Ukrainian state bank chief suspended after scuffle with investigative journalists

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KYIV, October 6 (Reuters) – Ukraine’s third-largest bank suspended its chairman on Wednesday after a video showed a scuffle in its office with journalists investigating the bank’s lending practices.

State lender Ukreximbank said in a statement it suspended Yevgen Metsger and apologized to reporters.

“The supervisory board of Ukreximbank, after an emergency meeting, decided to suspend the powers of the chairman of the board of Ukreximbank, Mr. Metsger, for the duration of the internal investigation of the board of surveillance, ”he said.

She apologized to journalists “as well as to the media and civil society for the regrettable and inappropriate behavior of the chairman of the board and representatives of the bank”.

Police have opened a criminal investigation into the clash with Radio Liberty reporters and Metsger said he would resign if police found him guilty of committing a crime.

Metsger could not be reached immediately for comment on the incident, but in a statement he said:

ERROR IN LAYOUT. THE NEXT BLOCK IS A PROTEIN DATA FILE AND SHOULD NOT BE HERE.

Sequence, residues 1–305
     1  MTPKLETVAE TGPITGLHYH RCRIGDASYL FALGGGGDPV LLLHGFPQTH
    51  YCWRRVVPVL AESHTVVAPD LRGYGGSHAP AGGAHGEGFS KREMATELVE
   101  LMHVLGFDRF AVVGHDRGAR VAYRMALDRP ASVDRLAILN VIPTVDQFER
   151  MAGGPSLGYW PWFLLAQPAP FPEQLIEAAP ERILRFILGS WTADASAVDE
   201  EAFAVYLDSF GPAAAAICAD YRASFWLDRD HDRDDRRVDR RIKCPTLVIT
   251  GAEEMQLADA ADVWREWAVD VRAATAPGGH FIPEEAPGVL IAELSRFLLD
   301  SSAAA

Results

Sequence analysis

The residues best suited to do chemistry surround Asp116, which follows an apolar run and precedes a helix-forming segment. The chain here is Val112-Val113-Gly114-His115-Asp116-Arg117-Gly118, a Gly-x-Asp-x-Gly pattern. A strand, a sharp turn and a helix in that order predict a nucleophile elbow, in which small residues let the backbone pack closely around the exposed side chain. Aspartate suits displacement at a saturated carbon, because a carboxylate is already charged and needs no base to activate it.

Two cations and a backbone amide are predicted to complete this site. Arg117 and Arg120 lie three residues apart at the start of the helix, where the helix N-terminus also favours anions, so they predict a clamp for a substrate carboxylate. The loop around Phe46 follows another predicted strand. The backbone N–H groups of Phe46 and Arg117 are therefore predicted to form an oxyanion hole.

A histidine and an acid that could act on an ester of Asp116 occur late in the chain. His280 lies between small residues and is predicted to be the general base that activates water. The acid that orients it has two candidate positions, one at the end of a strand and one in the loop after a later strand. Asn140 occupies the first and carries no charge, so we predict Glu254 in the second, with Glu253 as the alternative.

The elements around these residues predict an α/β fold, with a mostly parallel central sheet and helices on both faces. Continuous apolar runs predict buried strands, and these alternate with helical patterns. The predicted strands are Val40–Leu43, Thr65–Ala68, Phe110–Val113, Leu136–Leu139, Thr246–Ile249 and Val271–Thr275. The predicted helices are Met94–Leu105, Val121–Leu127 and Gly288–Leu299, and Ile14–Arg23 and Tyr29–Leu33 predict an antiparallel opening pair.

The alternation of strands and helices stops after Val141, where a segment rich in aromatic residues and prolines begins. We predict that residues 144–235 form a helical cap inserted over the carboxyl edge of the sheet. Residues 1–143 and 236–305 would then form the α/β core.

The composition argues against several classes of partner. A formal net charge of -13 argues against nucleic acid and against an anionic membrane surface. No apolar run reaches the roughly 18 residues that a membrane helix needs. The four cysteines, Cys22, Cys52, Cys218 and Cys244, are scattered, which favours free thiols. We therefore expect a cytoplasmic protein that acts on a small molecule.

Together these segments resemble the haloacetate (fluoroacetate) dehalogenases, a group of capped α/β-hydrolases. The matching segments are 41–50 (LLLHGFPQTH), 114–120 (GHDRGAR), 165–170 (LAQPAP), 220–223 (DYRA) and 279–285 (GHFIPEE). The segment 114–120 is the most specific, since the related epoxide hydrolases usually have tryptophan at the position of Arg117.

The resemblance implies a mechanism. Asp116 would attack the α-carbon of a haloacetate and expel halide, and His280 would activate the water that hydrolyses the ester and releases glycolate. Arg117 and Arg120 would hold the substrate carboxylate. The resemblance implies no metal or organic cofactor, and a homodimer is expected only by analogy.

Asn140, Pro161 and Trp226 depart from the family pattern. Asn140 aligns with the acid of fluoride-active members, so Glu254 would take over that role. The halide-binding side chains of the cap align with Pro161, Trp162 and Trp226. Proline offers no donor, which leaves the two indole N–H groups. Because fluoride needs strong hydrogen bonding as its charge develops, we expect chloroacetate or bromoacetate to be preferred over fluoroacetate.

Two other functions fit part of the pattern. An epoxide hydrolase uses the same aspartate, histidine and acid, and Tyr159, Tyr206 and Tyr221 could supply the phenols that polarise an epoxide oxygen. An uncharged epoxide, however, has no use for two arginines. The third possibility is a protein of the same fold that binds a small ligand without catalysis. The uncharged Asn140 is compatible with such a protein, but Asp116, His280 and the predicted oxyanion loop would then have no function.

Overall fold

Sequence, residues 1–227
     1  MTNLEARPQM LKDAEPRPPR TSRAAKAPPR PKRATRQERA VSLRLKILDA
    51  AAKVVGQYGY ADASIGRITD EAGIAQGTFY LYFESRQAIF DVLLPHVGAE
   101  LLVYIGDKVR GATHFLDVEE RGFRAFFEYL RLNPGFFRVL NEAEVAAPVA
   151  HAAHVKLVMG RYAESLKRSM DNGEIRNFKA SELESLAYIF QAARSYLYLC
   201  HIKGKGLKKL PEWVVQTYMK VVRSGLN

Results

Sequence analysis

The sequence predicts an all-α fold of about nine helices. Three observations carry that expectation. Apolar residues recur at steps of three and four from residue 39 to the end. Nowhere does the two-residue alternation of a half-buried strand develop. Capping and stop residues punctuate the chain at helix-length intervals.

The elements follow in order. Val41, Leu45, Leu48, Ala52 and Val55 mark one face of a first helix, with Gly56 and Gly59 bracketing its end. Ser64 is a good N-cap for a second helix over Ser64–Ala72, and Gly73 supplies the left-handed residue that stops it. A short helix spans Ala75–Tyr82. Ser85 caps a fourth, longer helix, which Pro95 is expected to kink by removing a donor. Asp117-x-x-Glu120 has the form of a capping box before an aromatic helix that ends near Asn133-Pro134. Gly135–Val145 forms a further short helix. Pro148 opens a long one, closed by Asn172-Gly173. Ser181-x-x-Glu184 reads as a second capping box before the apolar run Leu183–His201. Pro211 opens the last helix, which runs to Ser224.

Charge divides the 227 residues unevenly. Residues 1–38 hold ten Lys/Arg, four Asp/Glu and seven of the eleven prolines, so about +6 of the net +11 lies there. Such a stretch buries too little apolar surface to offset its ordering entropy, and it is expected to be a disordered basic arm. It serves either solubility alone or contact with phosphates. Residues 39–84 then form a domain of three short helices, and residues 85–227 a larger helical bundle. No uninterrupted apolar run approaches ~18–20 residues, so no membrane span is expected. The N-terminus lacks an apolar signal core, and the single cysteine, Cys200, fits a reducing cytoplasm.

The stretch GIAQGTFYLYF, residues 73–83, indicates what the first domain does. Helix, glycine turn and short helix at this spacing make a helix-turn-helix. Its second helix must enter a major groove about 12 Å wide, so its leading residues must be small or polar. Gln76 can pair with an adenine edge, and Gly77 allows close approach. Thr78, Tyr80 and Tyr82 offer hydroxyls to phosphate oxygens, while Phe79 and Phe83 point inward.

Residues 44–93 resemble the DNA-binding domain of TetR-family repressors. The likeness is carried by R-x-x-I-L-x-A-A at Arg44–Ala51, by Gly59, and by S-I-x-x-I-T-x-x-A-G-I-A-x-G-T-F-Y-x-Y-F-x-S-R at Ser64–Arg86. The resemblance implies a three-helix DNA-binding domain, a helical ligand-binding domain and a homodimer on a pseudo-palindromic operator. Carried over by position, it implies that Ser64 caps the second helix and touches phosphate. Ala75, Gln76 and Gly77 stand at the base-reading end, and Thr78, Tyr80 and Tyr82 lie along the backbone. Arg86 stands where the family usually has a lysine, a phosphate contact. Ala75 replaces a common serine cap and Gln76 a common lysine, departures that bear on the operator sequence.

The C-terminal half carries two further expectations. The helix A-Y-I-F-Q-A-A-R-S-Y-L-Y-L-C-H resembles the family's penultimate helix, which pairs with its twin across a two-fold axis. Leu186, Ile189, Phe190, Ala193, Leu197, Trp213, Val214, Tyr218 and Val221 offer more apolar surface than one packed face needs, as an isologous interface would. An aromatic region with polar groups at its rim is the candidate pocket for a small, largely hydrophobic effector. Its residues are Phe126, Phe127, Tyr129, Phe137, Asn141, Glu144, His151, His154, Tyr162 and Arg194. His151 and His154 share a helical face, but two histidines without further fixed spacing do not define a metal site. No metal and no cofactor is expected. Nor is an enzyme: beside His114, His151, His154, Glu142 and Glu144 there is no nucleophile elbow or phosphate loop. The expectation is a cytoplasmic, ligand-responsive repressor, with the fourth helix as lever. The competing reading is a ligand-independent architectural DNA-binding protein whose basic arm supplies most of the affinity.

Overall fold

“There is no excuse for my overly emotional reaction and frantic behavior towards journalists. I am fully aware of my responsibility.”

Radio Liberty said bank staff attacked the film crew of its “Schemes” program investigating a loan made by the bank. The bank denied any wrongdoing regarding the loans in a statement and said bank secrecy laws prevented it from discussing the matter.

Radio Liberty said it managed to restore footage of the confrontation with Metsger despite the bank’s attempt to remove it.

In the video, Metsger is heard refusing to give an interview and ordering staff to seize the cameras and destroy all footage.

“Go see the IT people, clean up all that shit,” we hear him say.

The video has gone viral, with more than 343,000 views on YouTube since its publication on Tuesday. The incident also drew criticism from a senior official under President Volodymyr Zelenskiy.

“Freedom of expression is one of the fundamental values ​​in Ukraine,” said Mykhailo Podolyak, advisor to the president’s chief of staff.

“The pattern of behavior that the company has seen from representatives of the bank is unacceptable.”

Additional reporting by Valentin Ogirenko; edited by Matthias Williams and Jon Boyle

Our Standards: The Thomson Reuters Trust Principles.


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